My sermon title this morning is “how do you like your church; sour, salty or just plain?” You might say that the world has grown accustomed to two kinds of churches, ones that are sour, constantly criticizing and judging others for their shortcomings and plain, ones that try especially hard not to offend anyone and conform to a pious niceness that leaves listeners wondering what the church really has to offer. The Gospel writer we heard this morning calls the church to be salty, to offer the world around us a sign of tasty, spicy, goodness, that flavours our communities and our world in a powerful and lasting way.
In another commentary on this text, House of Disciples: Church, Economics and Justice in Matthew Michael Crosby reminds us that in the early church followers of Jesus were in the minority, suspects in a Roman Empire that believed Caesar was Lord, not Jesus. Religious people who put their faith in someone other than Caesar were to be harrassed, persecuted, in some cases tortured, and in other cases like Jesus, crucified. These Jesus people had no recourse to the state to make people do their bidding, they had no advertizing budget to win converts. Instead these early Christians would use their good works to “win over the persecutors. Putting into practice the Beatitudes would be the best apologetic.”
One curiousity that often arises in this particular text is the seeming contradiction between Jesus telling his followers that he has “not come to abolish the law and the prophets” while at the same time consistently doing and saying things that made many of the Temple’s strongest defenders accuse him of breaking the law (like the Sabbath). Crosby’s answer to this tension is to lift up Jesus words that he has come to “fulfill the law”. “Households that fulfill the spirit of justice fulfill the Torah”, says Crosby. In other words when the church household shines the light of justice through their interactions inside and outside the walls of the house they are fulfilling the very law that God had intended for our well being and purpose.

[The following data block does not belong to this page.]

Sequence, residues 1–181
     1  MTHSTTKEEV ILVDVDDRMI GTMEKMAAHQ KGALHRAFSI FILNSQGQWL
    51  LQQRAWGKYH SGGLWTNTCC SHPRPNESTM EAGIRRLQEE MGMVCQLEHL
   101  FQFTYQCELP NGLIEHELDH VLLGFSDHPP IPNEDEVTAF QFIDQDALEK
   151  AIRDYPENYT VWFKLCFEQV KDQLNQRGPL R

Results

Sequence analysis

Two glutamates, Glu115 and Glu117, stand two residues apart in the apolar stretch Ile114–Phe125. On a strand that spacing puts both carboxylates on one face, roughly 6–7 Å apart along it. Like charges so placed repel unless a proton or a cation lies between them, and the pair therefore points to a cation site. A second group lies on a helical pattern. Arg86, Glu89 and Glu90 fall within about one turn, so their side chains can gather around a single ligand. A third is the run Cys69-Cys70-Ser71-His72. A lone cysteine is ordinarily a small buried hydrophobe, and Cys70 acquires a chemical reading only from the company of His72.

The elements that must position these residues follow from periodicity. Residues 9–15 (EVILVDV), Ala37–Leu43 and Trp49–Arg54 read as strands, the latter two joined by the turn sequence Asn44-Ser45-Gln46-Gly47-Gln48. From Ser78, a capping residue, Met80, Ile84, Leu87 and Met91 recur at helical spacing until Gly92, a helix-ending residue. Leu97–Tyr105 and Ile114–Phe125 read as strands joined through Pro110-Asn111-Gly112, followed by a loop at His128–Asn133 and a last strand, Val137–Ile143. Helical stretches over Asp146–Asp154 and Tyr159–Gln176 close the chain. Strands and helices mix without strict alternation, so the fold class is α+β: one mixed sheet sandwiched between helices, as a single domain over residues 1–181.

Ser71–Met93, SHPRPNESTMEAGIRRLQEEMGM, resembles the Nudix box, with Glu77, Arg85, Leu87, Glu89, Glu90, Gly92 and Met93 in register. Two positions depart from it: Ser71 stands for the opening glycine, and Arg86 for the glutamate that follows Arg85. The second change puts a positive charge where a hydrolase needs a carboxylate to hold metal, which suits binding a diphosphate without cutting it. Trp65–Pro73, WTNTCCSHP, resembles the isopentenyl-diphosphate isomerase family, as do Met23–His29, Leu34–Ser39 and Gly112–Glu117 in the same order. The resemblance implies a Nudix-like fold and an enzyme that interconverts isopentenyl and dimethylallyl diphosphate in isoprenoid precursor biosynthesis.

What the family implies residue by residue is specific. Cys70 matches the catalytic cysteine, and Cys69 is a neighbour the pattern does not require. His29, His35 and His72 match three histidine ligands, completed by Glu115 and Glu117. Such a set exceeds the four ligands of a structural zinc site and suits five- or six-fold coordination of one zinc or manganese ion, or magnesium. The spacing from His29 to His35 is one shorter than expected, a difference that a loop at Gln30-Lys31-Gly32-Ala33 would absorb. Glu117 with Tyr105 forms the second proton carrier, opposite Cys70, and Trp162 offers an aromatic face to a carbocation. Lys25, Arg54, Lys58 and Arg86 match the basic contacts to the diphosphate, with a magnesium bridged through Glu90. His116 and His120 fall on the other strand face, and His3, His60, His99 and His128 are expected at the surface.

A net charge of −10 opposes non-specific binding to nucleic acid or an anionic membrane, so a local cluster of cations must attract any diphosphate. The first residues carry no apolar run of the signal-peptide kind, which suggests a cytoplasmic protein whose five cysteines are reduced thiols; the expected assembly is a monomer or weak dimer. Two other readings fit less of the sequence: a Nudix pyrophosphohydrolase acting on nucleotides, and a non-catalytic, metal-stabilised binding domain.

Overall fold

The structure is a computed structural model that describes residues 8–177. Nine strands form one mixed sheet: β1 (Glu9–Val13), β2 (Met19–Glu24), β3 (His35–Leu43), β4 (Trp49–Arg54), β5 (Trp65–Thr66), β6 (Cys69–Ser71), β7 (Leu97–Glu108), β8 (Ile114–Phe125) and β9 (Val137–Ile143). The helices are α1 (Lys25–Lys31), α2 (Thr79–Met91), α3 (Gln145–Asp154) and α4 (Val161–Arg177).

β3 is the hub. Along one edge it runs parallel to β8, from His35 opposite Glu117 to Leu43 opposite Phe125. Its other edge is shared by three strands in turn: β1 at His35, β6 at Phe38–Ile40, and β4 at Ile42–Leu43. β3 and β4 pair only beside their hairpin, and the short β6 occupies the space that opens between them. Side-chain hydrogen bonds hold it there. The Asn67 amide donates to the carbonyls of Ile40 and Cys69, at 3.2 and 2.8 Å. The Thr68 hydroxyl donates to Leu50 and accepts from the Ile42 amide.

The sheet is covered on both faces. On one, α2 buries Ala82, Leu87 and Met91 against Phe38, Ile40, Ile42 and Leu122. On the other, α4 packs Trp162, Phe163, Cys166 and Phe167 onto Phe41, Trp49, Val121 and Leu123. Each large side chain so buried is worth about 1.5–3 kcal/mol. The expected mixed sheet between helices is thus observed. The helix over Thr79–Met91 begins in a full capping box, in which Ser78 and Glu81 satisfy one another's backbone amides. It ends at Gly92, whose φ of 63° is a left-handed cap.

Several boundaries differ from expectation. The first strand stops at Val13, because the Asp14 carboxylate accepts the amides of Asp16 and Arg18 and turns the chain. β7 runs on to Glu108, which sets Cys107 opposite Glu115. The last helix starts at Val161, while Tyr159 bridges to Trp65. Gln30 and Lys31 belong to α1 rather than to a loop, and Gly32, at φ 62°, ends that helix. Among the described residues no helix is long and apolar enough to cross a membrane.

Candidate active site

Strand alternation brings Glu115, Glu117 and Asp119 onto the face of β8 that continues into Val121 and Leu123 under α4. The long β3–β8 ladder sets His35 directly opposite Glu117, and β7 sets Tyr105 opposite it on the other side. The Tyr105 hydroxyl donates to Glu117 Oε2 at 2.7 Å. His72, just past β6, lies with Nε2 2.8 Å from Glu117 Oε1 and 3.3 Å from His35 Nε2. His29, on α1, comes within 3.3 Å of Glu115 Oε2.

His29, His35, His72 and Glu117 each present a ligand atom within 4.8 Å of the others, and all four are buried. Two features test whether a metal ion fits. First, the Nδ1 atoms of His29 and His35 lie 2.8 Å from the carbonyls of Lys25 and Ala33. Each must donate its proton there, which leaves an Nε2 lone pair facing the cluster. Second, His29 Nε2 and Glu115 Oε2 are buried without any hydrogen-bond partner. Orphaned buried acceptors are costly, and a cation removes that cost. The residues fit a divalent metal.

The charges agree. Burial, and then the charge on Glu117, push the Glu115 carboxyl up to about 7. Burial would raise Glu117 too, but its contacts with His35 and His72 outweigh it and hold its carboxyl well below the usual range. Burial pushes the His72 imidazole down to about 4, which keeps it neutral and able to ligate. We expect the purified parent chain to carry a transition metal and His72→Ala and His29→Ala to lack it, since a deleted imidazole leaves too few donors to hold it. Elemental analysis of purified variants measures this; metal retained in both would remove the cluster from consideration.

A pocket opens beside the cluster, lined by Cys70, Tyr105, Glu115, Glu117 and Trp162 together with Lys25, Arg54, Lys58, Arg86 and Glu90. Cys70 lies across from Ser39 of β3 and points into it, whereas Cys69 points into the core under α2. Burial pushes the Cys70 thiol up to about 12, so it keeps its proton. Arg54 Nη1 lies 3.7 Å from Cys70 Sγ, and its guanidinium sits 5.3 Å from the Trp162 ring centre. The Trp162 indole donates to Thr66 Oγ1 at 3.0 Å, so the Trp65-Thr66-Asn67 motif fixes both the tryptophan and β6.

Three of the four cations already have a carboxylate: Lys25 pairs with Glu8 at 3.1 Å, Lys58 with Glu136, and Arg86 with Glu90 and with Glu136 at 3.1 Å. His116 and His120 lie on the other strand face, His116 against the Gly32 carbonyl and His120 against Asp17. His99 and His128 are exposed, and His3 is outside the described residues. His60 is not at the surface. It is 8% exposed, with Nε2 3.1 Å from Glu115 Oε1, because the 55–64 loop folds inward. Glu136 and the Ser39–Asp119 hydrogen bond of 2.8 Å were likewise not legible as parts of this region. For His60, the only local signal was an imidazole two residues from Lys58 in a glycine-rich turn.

This church that is remembering the words and life of Jesus are lifting up the way this Saviour taught by going beyond reciprocity. Crosby explains, “the historian Josephus notes that Roman representatives had the right to requisition civilians into service. One kind of service involved carrying the gear of Roman soldiers for one mile, no easy task considering a Roman soldier's backpack could weigh upwards of 100 pounds (45.4 kg). It has been suggested that going the second mile would perhaps spare another from such compulsion.” This is likely what prompted Matthew 5:41 "Whoever forces you to go one mile, go with him two.”
The evangelist Tim Keller has written, “If you and your church were to disappear off the face of the earth tomorrow would anyone in the community around you notice you were gone?” It’s a powerful question. I’d say people would remember and notice if a sour church or person disappeared but I am not sure it would be a positive memory. The plain option seems most likely to be easily forgotten. But the salty person and church is remembered, not for anything large or big or dramatic but rather because it left a taste in the mouth, a lasting memory of something good and tasty.
Let your goodness shine! Let your good works be spiced with kindness. As you walk that extra mile, not because it is required or expected, may you demonstrate a love that others may seek to discern and live, that all may have life and life in abundance! Amen.